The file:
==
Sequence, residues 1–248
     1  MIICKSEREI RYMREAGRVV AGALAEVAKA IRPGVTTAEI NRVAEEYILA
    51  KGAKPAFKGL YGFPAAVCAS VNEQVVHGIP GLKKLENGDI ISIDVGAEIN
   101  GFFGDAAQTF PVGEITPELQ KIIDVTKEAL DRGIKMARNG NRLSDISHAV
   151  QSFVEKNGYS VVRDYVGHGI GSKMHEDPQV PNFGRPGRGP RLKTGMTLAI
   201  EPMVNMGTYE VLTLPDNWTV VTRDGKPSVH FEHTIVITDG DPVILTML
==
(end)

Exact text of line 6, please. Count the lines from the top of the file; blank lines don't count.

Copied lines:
   201  EPMVNMGTYE VLTLPDNWTV VTRDGKPSVH FEHTIVITDG DPVILTML